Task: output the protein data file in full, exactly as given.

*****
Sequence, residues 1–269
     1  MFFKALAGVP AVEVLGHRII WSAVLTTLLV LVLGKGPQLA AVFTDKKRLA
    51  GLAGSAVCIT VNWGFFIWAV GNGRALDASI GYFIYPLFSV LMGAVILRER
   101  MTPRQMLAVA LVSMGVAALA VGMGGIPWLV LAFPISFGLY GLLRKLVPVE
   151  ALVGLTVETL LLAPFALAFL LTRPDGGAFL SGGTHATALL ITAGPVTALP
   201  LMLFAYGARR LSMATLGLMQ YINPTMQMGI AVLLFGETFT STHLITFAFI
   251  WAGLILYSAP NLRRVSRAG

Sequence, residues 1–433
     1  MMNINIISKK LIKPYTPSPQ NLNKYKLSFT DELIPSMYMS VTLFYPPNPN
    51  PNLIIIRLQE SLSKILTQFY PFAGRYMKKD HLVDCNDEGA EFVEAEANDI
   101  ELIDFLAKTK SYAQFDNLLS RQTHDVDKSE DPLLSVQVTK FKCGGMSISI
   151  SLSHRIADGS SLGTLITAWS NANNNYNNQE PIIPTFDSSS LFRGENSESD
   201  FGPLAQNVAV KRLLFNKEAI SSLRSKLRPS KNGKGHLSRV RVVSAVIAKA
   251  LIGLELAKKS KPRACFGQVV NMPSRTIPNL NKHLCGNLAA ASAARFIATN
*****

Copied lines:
Sequence, residues 1–269
     1  MFFKALAGVP AVEVLGHRII WSAVLTTLLV LVLGKGPQLA AVFTDKKRLA
    51  GLAGSAVCIT VNWGFFIWAV GNGRALDASI GYFIYPLFSV LMGAVILRER
   101  MTPRQMLAVA LVSMGVAALA VGMGGIPWLV LAFPISFGLY GLLRKLVPVE
   151  ALVGLTVETL LLAPFALAFL LTRPDGGAFL SGGTHATALL ITAGPVTALP
   201  LMLFAYGARR LSMATLGLMQ YINPTMQMGI AVLLFGETFT STHLITFAFI
   251  WAGLILYSAP NLRRVSRAG

Sequence, residues 1–433
     1  MMNINIISKK LIKPYTPSPQ NLNKYKLSFT DELIPSMYMS VTLFYPPNPN
    51  PNLIIIRLQE SLSKILTQFY PFAGRYMKKD HLVDCNDEGA EFVEAEANDI
   101  ELIDFLAKTK SYAQFDNLLS RQTHDVDKSE DPLLSVQVTK FKCGGMSISI
   151  SLSHRIADGS SLGTLITAWS NANNNYNNQE PIIPTFDSSS LFRGENSESD
   201  FGPLAQNVAV KRLLFNKEAI SSLRSKLRPS KNGKGHLSRV RVVSAVIAKA
   251  LIGLELAKKS KPRACFGQVV NMPSRTIPNL NKHLCGNLAA ASAARFIATN